MIAMI -- Rory McIlroy said Wednesday achieving a career Grand Slam at the Masters next month would be "awesome" for golf as he warms up for Augusta at this week's Arnold Palmer Invitational.
The 29-year-old Northern Irishman could become only the sixth player to win all four major titles with a victory at the Masters, an elite club that both Jordan Spieth and Phil Mickelson can also enter this season.
Talking to reporters at Bay Hill on Wednesday, McIlroy said any player who manages to enter the pantheon alongside Gene Sarazen, Ben Hogan, Gary Player, Jack Nicklaus and Tiger Woods would deliver a boost to the sport.
"I mean, how good would that be for golf? That would be awesome," McIlroy said ahead of Thursday's opening round in Orlando.
"But I think just because it is a small list it would be just that bit cooler to join.
"It's all about exposure and golf would be right in the center of all sports stories if that were to happen, which is great for everyone involved in the game."
McIlroy, who tees off alongside reigning Masters champion Patrick Reed and Marc Leishman on Thursday, has made four previous attempts to complete his set of majors but come up short on each occasion.
And that doesn't count McIlroy's epic 2011 Masters collapse, where he led entering the final round but struggled to an 80 on Sunday and only finished in a share of 15th place.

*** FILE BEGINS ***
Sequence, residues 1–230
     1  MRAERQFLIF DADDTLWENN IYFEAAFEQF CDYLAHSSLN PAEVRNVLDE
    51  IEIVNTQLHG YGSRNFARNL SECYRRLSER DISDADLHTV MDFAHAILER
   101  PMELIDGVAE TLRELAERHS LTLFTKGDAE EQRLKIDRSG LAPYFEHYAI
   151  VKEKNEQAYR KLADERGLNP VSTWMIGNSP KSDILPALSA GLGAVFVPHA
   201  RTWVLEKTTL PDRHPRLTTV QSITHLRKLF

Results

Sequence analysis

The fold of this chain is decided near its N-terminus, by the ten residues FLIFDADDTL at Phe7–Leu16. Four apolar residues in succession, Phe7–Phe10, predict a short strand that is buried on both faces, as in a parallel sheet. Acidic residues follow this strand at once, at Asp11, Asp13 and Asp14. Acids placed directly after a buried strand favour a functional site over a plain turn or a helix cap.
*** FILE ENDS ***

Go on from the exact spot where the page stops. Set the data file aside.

However, the world number six believes he is more mentally attuned to the challenge of adding the Masters to his collection of four major titles.
- Lincoln inspiration -
"It has definitely taken me time to come to terms with the things I've needed to deal with inside my own head," McIlroy said.
"And I think sometimes I'm too much of a fan of the game because I know exactly who has won the Grand Slam, and I know exactly the people I would be putting myself alongside.
"So there's maybe a part of that that, if I didn't know the history of the game and I wasn't such a fan, it would work in my favor.
"But that's not me. It would be a massive achievement. It would be huge. But again, I can't think about it in that way.
"I just have to go out and play the golf course the way I know that I can play it and hopefully that's good enough to have the lowest score that week."
McIlroy also rejected suggestions that achieving the Grand Slam became more challenging each year with every missed opportunity.
"No, I've become more comfortable with it, I mean, the extra stress that I put myself under that first couple of years, 2015 and 2016, of trying to. I've become more comfortable with it," McIlroy said.
"I guess I've become a lot more comfortable with the fact that I'm going to fail more times than I succeed at that certain, whatever, conquest or whatever you want to call it.
"So I've become comfortable with the fact I've tried four times, I've failed. But Abraham Lincoln lost the first 13 elections he was ever in. He wound up being the President of the United States.
"So I still got a bit of time."
© Agence France-Presse
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